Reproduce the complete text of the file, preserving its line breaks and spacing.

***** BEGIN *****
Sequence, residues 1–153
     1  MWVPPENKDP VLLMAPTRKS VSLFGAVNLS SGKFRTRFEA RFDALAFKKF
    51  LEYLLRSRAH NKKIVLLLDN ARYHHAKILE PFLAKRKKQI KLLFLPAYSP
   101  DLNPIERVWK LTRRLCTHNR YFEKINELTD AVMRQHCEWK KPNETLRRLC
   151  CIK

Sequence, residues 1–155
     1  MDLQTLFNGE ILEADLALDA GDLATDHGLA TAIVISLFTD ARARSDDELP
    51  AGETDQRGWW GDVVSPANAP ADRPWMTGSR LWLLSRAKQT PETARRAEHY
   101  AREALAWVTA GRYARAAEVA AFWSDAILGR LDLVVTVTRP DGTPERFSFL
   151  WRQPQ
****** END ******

Sequence, residues 1–153
     1  MWVPPENKDP VLLMAPTRKS VSLFGAVNLS SGKFRTRFEA RFDALAFKKF
    51  LEYLLRSRAH NKKIVLLLDN ARYHHAKILE PFLAKRKKQI KLLFLPAYSP
   101  DLNPIERVWK LTRRLCTHNR YFEKINELTD AVMRQHCEWK KPNETLRRLC
   151  CIK

Sequence, residues 1–155
     1  MDLQTLFNGE ILEADLALDA GDLATDHGLA TAIVISLFTD ARARSDDELP
    51  AGETDQRGWW GDVVSPANAP ADRPWMTGSR LWLLSRAKQT PETARRAEHY
   101  AREALAWVTA GRYARAAEVA AFWSDAILGR LDLVVTVTRP DGTPERFSFL
   151  WRQPQ